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Evaluation of collagenase-induced mitral valve regurgitation in dogs

Makoto FujikiLaboratory of Veterinary Surgery, Department of Veterinary Medicine, Faculty of Agriculture, Kagoshima University, 1-21-24 Korimoto, Kagoshima 890-0065, Japan.

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Kazuhiro MisumiLaboratory of Veterinary Surgery, Department of Veterinary Medicine, Faculty of Agriculture, Kagoshima University, 1-21-24 Korimoto, Kagoshima 890-0065, Japan.

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Hiroshi SakamotoLaboratory of Veterinary Surgery, Department of Veterinary Medicine, Faculty of Agriculture, Kagoshima University, 1-21-24 Korimoto, Kagoshima 890-0065, Japan.

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Abstract

Objective—To investigate the hemodynamic changes induced by injecting collagenase into the mitral valve to induce mitral valve regurgitation (MVR) in dogs.

Animals—9 healthy Beagles.

Procedure—Dogs were randomly assigned to 3 groups: control (saline [0.9% NaCl] solution; n = 3), single collagenase injection (C1; 3), and 2 collagenase injections (C2; 3). Open-heart surgery was performed, and saline or collagenase solutions were injected into the mitral valve. Before and weekly for 11 weeks after surgery, radiography, echocardiography, and phonocardiography were performed. Mean pulmonary arterial pressure and mean pulmonary arterial wedge pressure (mPAWP) were measured before and 11 weeks after surgery. Postmortem examinations were performed after dogs were euthanatized.

Results—No changes were detected in the control group during the 11-week follow-up period. A systolic murmur and MVR developed 1 week after surgery in groups C1 and C2. The murmur changed from a protosystolic to a pansystolic murmur, and left atrial diameter and the left atrial-to-aortic root diameter ratio increased with time. Mean pulmonary arterial pressure and mPAWP were greater 11 weeks after surgery in groups C1 and C2, compared with presurgery values. During necropsy, tissue loss was detected in the mitral valve at the site of collagenase injection. Degree of regurgitation corresponded to lesion size.

Conclusions and Clinical Relevance—Injection of collagenase into the mitral valve of healthy dogs induced MVR, and dogs with MVR developed progressive hemodynamic changes without acute overload. Collagenase-induced MVR may be an appropriate model for evaluation of prognostic markers of idiopathic MVR in dogs. (Am J Vet Res 2000;61:1593–1598)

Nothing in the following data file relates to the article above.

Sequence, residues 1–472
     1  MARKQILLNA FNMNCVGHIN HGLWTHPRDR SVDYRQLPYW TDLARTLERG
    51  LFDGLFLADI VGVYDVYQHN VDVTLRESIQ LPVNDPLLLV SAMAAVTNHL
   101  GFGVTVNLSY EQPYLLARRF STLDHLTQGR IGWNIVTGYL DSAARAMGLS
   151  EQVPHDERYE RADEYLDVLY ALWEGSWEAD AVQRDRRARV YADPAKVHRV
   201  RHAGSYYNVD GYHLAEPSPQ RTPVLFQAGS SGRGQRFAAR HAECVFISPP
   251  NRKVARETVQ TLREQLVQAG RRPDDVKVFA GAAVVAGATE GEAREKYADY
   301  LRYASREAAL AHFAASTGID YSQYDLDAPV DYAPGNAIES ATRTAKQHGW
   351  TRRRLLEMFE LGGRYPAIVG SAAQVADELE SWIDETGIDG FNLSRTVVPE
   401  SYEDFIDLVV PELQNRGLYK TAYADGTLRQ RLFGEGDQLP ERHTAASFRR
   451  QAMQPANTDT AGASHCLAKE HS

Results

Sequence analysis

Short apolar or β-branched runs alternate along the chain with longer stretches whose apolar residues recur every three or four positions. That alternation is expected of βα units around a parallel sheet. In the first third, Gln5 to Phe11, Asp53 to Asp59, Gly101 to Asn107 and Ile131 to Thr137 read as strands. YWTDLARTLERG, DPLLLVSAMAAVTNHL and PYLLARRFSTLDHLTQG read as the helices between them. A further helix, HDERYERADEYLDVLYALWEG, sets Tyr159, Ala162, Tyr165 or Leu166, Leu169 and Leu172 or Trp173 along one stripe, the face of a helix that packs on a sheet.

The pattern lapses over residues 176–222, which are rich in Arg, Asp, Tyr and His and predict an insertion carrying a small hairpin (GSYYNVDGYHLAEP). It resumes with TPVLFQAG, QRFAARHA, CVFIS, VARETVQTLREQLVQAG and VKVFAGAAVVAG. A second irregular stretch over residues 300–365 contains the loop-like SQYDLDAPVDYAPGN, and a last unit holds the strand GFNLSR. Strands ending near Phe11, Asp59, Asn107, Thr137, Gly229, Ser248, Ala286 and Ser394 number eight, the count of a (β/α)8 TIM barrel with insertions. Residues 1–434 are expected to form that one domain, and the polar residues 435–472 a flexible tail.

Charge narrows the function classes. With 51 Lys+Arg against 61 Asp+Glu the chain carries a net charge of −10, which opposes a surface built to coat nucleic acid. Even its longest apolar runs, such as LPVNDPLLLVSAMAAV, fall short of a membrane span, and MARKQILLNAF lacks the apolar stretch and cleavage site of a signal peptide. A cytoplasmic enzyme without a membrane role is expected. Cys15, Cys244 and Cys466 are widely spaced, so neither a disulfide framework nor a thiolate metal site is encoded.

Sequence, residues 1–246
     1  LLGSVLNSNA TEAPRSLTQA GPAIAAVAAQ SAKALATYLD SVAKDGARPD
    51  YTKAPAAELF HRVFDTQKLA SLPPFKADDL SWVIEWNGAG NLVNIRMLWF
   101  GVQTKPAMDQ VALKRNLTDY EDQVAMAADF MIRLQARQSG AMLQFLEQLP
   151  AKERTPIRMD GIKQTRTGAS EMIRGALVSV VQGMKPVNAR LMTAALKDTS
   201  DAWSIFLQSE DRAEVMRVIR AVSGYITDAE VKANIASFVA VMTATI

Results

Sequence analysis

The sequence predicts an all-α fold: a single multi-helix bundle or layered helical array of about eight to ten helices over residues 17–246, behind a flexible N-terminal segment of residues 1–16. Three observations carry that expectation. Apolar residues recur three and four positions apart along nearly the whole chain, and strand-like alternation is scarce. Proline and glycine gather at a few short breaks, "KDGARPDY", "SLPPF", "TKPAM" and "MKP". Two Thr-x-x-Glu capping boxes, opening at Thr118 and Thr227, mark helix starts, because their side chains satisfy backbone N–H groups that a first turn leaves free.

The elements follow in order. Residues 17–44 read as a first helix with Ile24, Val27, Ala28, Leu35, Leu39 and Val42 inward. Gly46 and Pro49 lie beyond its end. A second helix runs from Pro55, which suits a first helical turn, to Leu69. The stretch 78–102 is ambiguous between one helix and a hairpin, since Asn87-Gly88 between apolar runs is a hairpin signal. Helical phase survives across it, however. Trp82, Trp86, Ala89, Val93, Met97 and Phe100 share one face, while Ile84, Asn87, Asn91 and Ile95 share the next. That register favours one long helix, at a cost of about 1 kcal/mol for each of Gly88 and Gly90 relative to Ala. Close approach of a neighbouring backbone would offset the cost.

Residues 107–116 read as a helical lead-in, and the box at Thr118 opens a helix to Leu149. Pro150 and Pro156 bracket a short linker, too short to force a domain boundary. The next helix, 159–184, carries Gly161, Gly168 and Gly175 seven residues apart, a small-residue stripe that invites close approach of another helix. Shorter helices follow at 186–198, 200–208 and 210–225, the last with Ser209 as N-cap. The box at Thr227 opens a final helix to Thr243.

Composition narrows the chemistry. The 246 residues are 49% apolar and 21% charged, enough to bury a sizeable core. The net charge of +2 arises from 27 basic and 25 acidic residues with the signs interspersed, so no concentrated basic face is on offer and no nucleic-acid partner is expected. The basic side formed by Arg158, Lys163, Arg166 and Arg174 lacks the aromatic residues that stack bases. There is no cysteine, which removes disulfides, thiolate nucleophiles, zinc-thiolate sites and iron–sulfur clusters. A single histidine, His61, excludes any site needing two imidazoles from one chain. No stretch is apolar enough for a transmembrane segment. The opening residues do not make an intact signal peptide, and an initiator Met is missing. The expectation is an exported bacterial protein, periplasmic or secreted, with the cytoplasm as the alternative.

Abstract

Objective—To investigate the hemodynamic changes induced by injecting collagenase into the mitral valve to induce mitral valve regurgitation (MVR) in dogs.

Animals—9 healthy Beagles.

Procedure—Dogs were randomly assigned to 3 groups: control (saline [0.9% NaCl] solution; n = 3), single collagenase injection (C1; 3), and 2 collagenase injections (C2; 3). Open-heart surgery was performed, and saline or collagenase solutions were injected into the mitral valve. Before and weekly for 11 weeks after surgery, radiography, echocardiography, and phonocardiography were performed. Mean pulmonary arterial pressure and mean pulmonary arterial wedge pressure (mPAWP) were measured before and 11 weeks after surgery. Postmortem examinations were performed after dogs were euthanatized.

Results—No changes were detected in the control group during the 11-week follow-up period. A systolic murmur and MVR developed 1 week after surgery in groups C1 and C2. The murmur changed from a protosystolic to a pansystolic murmur, and left atrial diameter and the left atrial-to-aortic root diameter ratio increased with time. Mean pulmonary arterial pressure and mPAWP were greater 11 weeks after surgery in groups C1 and C2, compared with presurgery values. During necropsy, tissue loss was detected in the mitral valve at the site of collagenase injection. Degree of regurgitation corresponded to lesion size.

Conclusions and Clinical Relevance—Injection of collagenase into the mitral valve of healthy dogs induced MVR, and dogs with MVR developed progressive hemodynamic changes without acute overload. Collagenase-induced MVR may be an appropriate model for evaluation of prognostic markers of idiopathic MVR in dogs. (Am J Vet Res 2000;61:1593–1598)